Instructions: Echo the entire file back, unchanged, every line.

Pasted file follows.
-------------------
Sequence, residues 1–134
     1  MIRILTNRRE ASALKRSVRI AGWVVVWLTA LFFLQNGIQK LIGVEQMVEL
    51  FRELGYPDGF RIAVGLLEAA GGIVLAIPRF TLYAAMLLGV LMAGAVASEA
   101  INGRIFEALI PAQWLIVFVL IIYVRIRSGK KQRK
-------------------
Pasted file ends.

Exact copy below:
Sequence, residues 1–134
     1  MIRILTNRRE ASALKRSVRI AGWVVVWLTA LFFLQNGIQK LIGVEQMVEL
    51  FRELGYPDGF RIAVGLLEAA GGIVLAIPRF TLYAAMLLGV LMAGAVASEA
   101  INGRIFEALI PAQWLIVFVL IIYVRIRSGK KQRK